AI algorithms find drugs that could combat ageing
Three drugs that could help stave off the effects of ageing have been discovered using artificial intelligence (AI), a study suggests.
A trio of chemicals that target faulty cells linked to a range of age-related conditions were found using the pioneering method, which is hundreds of times cheaper than standard screening methods, researchers say.
Findings suggest the drugs can safely remove defective cells – known as senescent cells – linked to conditions including cancer, Alzheimer’s disease and declines in eyesight and mobility.
While previous studies have shown early promise, until now few chemicals that can safely eliminate senescent cells have been identified.
These senolytic drugs are often highly toxic against normal, healthy cells in the body, researchers say.
Now, a team led by Edinburgh researchers has devised a way of discovering senolytic drugs using AI.
They developed a machine learning model by training it to recognise the key features of chemicals with senolytic activity, using data from more than 2,500 chemical structures mined from previous studies.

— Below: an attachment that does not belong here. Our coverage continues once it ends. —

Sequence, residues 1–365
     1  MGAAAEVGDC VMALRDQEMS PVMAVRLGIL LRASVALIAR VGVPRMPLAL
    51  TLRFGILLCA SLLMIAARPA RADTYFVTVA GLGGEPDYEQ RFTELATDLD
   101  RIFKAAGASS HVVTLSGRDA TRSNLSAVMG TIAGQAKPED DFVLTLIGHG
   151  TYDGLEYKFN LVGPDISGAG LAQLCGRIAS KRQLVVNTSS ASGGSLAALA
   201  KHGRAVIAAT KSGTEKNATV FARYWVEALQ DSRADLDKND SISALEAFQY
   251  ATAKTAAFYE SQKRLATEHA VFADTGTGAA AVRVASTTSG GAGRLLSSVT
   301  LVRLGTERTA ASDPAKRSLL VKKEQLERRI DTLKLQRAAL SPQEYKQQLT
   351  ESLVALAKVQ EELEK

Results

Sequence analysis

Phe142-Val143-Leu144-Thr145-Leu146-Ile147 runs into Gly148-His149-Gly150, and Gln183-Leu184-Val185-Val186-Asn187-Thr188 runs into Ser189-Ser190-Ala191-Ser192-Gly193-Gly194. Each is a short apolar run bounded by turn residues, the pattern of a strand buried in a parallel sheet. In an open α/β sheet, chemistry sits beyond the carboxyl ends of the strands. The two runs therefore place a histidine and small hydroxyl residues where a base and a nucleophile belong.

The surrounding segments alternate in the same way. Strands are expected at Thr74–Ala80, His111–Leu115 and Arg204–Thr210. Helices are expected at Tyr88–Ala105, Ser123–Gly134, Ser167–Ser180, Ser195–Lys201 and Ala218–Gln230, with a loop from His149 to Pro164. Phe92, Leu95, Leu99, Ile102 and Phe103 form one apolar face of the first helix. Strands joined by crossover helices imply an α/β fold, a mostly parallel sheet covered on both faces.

The team then used the models to screen more than 4,000 chemicals, identifying 21 potential drug candidates for experimental testing.
This study demonstrates that AI can be incredibly effective in helping us identify new drug candidates, particularly at early stages of drug discovery and for diseases with complex biology or few known molecular targets.
Lab tests in human cells revealed that three of the chemicals – called ginkgetin, periplocin and oleandrin – were able to remove senescent cells without damaging healthy cells.
All three are natural products found in traditional herbal medicines, the team says. Oleandrin was found to be more effective than the best-performing known senolytic drug of its kind.
This work was borne out of intensive collaboration between data scientists, chemists and biologists. Harnessing the strengths of this interdisciplinary mix, we were able to build robust models and save screening costs by using only published data for model training. I hope this work will open new opportunities to accelerate the application of this exciting technology.
The study, published in the journal Nature Communications, was supported by the Medical Research Council, Cancer Research UK, United Kingdom Research and Innovation (UKRI) and the Spanish National Research Council.
It also involved researchers from the University of Cantabria, Spain, and the Alan Turing Institute.
The study is the latest development in computer science and AI since the University established its first research hubs in the disciplines 60 years ago.
A year-long programme of events will mark achievements over the past six decades and look to the future of computer science and AI at Edinburgh.
More information about the 60 year celebration: edin.ac/60-years-computer-science-ai
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